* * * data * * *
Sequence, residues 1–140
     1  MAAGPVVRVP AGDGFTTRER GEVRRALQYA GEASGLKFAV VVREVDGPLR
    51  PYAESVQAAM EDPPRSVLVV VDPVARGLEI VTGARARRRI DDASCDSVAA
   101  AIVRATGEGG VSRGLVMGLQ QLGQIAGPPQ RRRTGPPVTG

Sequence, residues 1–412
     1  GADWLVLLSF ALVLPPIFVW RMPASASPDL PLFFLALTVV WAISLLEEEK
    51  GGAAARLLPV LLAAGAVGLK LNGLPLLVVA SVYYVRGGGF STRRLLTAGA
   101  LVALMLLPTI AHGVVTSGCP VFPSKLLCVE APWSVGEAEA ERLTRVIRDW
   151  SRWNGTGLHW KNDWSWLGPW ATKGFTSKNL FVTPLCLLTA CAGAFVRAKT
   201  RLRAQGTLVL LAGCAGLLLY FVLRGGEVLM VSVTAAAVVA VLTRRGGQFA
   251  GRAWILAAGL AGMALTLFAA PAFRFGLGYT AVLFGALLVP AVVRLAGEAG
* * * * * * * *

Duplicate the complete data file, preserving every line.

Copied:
Sequence, residues 1–140
     1  MAAGPVVRVP AGDGFTTRER GEVRRALQYA GEASGLKFAV VVREVDGPLR
    51  PYAESVQAAM EDPPRSVLVV VDPVARGLEI VTGARARRRI DDASCDSVAA
   101  AIVRATGEGG VSRGLVMGLQ QLGQIAGPPQ RRRTGPPVTG

Sequence, residues 1–412
     1  GADWLVLLSF ALVLPPIFVW RMPASASPDL PLFFLALTVV WAISLLEEEK
    51  GGAAARLLPV LLAAGAVGLK LNGLPLLVVA SVYYVRGGGF STRRLLTAGA
   101  LVALMLLPTI AHGVVTSGCP VFPSKLLCVE APWSVGEAEA ERLTRVIRDW
   151  SRWNGTGLHW KNDWSWLGPW ATKGFTSKNL FVTPLCLLTA CAGAFVRAKT
   201  RLRAQGTLVL LAGCAGLLLY FVLRGGEVLM VSVTAAAVVA VLTRRGGQFA
   251  GRAWILAAGL AGMALTLFAA PAFRFGLGYT AVLFGALLVP AVVRLAGEAG